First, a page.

You would be hard-pressed to find someone that appreciates a good list as much as I do. I love lists as much as Scully loved de-bunking Mulder’s paranormal findings and alien conspiracies. Whether it be to-do lists, Christmas lists, bucket lists, or pro and con lists (you get the idea), I fancy them all.
Lists are particularly helpful when trying to remember critical information and make difficult decisions. It is no wonder that a checklist can be helpful in determining whether a use of copyrighted material is likely within the limits of “fair use” under U.S. copyright law; a legal concept that has only grown murkier in the digital age where millions of people every day are making or using copyrighted work. Let me explain.
Copyright law protects “original works of authorship,” including photographs, music, videos, and blogs uploaded on social media platforms. A person who creates an original work is immediately the copyright holder of the work.
Copyright holders have several exclusive rights, including the rights to reproduce, distribute, and publicly display their works. Sharing or reposting a person’s copyrighted work on social media platforms could implicate a number of these exclusive rights, and generally constitutes infringement unless a license or permission is obtained from the copyright holder or the use constitutes “fair use.”
The fair use doctrine, which was codified into law decades before a picture or video ever went viral, permits the use or reproduction of copyrighted materials “for purposes such as criticism, comment, news reporting, teaching (including multiple copies for classroom use), scholarship, or research.”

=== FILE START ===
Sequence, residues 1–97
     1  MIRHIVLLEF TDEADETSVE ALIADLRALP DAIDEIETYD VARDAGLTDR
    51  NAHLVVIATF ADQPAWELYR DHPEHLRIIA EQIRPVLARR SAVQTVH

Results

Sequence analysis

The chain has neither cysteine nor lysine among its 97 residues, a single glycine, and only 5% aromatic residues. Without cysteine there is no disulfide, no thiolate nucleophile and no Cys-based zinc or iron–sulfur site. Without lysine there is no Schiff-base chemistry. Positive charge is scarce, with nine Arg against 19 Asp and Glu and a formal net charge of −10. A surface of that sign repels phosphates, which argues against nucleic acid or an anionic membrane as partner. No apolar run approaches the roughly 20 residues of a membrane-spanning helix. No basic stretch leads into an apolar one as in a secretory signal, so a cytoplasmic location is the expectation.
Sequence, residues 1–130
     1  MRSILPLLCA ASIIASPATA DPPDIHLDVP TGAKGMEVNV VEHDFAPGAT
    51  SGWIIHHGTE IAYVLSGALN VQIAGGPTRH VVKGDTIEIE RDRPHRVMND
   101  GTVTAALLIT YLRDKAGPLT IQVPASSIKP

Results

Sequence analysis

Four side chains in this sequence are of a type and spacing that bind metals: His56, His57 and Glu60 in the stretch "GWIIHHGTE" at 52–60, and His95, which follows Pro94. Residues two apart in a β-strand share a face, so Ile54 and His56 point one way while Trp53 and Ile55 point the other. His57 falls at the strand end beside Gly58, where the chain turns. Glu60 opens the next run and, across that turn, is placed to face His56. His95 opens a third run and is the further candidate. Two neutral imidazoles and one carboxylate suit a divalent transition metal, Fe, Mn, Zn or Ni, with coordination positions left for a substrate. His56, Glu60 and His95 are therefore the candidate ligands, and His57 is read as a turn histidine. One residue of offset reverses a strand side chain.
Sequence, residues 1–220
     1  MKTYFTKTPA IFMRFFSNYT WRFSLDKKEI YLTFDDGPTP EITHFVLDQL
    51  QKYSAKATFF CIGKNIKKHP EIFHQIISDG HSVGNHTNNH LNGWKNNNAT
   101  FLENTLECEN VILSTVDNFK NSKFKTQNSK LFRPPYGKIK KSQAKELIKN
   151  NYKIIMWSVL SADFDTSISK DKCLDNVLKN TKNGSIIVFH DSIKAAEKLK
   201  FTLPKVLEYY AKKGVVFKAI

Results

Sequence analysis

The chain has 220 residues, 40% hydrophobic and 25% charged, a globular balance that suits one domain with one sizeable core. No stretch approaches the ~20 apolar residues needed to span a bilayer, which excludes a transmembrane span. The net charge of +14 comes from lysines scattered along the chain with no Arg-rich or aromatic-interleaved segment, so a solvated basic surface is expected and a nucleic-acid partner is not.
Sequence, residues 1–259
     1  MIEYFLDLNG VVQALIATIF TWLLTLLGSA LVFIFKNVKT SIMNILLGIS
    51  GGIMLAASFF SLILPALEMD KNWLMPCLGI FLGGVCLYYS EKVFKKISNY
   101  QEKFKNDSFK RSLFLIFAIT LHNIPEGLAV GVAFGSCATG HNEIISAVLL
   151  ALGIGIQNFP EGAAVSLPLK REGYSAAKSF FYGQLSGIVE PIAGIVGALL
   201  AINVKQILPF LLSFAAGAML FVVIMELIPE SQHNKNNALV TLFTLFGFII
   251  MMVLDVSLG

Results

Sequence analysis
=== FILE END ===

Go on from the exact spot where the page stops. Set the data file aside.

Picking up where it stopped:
What falls within the realm of fair use is case-specific and determined after weighing four factors to balance the interests of copyright holders in the control and exploitation of their works with the competing interests of the public in the free flow of ideas, information, and commerce. These factors are:
(1) the Purpose and character of the use;
(2) the Nature of the use;
(3) the Amount and substantiality of the portion of the use; and
(4) the Effect of the use on the potential market for the work.
If you have trouble recalling these factors, try using the acrostic “Poodles Need Ample Entertainment” to commit them to memory.
The factors are only guidelines. No single factor is decisive of fair use. Clear as mud, right? Such lack of clarity arguably led to the common sentiment on the web which is “you can post almost anything as long as you take it down when the [copyright] holder complains” as described by Harvard University Professor Louis Menand.
If you are like many people trying to walk the straight and narrow, you are still uncertain what these factors mean practically. This is where a checklist prepared by Columbia University Libraries Copyright Advisory Office Fair
Use can be a valuable tool. It breaks down what is considered in each of the four factors and helps you gauge whether a proposed use is likely to fall within the realm of fair use or misuse.
It’s not uncommon for aspects of a particular use to fall in both the “favors fair use” column as well as the “weighs against” fair use column, so you will need to consider the relative persuasive strength of the circumstances. Also, there may be other considerations that are not accounted for on the checklist. The checklist can nevertheless help you make a reasonable guess about whether a proposed use constitutes fair use or misuse to mitigate legal risks.
Still not sure after consulting the checklist? Check out this awesome resource by Stanford University Libraries. And, keep in mind that there are two types of situations that are more likely to cause legal problems: (1) your work causes the copyright holder to lose money; (2) the copyright holder is offended by your use.
Photo by Claire Anderson on Unsplash